This book offers a new interpretation of the relationship between 'insight practice' (satipatthana) and the attainment of the four jhànas (i.e., right samàdhi), a key problem in the study of Buddhist meditation. The author challenges the traditional Buddhist understanding of the four jhànas as states of absorption, and shows how these states are the actualization and embodiment of insight (vipassanà). It proposes that the four jhànas and what we call 'vipassanà'are integral dimensions of a single process that leads to awakening.
Current literature on the phenomenology of the four jhànas and their relationship with the 'practice of insight' has mostly repeated traditional Theravàda interpretations. No one to date has offered a comprehensive analysis of the fourfold jhàna model independently from traditional interpretations. This book offers such an analysis. It presents a model which speaks in the Nikàyas' distinct voice. It demonstrates that the distinction between the 'practice of serenity' (samatha-bhàvanà) and the 'practice of insight' (vipassanà-bhàvanà) – a fundamental distinction in Buddhist meditation theory – is not applicable to early Buddhist understanding of the meditative path. It seeks to show that the common interpretation of the jhànas as 'altered states of consciousness', absorptions that do not reveal anything about the nature of phenomena, is incompatible with the teachings of the Pàli Nikàyas.
By carefully analyzing the descriptions of the four jhànas in the early Buddhist texts in Pàli, their contexts, associations and meanings within the conceptual framework of early Buddhism, the relationship between this central element in the Buddhist path and 'insight meditation' becomes revealed in all its power.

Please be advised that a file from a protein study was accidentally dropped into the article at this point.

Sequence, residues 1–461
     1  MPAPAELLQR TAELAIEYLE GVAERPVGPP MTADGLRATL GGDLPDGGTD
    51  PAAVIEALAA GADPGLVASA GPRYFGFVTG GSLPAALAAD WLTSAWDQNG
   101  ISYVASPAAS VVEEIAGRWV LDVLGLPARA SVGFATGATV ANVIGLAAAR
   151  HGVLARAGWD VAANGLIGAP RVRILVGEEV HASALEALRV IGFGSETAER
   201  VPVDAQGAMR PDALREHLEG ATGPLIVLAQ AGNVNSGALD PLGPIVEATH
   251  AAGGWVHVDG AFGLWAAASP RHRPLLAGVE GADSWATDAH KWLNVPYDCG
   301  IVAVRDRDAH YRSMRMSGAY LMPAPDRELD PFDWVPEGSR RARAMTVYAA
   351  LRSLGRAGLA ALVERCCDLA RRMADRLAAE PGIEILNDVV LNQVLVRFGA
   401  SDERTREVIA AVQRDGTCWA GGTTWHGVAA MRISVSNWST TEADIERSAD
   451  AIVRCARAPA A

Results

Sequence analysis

Early Buddhist Meditation will be of interest to scholars of Buddhist studies, Asian philosophies and religions, as well as Buddhist practitioners with a serious interest in the process of insight meditation.
1. The fourfold Jhàna Model: Buddhist or Not?
2. The First Jhàna: A Turning Point in the Spiritual Path.
3. The Second Jhàna: Non-discursive Broad Field of Awareness.
4. Awakening-jhàna Factors.
5. The Third Jhàna: Establishing a Specialized Form of Awareness.
6. The Fourth Jhàna: Non-reactive & Lucid Awareness of the Phenomenal Field.
7. Morality (sila), Wisdom (pannà) and the Attainment of the Jhànas.
8. Reconsidering Samatha-bhàvanà, Vipassanà-bhàvanà & Pannà-vimutti.
Routledge Critical Studies in Buddhism is a comprehensive study of the Buddhist tradition. The series explores this complex and extensive tradition from a variety of perspectives, using a range of different methodologies. The series is diverse in its focus, including historical, philological, cultural, and sociological investigations into the manifold features and expressions of Buddhism worldwide. It also presents works of constructive and reflective analysis, including the role of Buddhist thought and scholarship in a contemporary, critical context and in the light of current social issues. The series is expansive and imaginative in scope, spanning more than two and a half millennia of Buddhist history. It is receptive to all research works that are of significance and interest to the broader field of Buddhist Studies.
Some of the titles in the series are published in association with the Oxford Centre for Buddhist Studies, which conducts and promotes rigorous teaching and research into all forms of the Buddhist tradition.
Editorial Advisory Board:
James A. Benn, McMaster University, Canada
Jinhua Chen, The University of British Columbia, Canada
Rupert Gethin, University of Bristol, UK
Peter Harvey, University of Sunderland, UK
Sallie King, James Madison University, USA
Anne Klein, Rice University, USA
Lori Meeks, University of Southern California, USA;
Ulrich Pagel, School of Oriental and African Studies, UK
John Powers, Australian National University, Australia;
Juliane Schober, Arizona State University, USA
Vesna A. Wallace, University of California, Santa Barbara, USA
Michael Zimmermann, University of Hamburg, Germany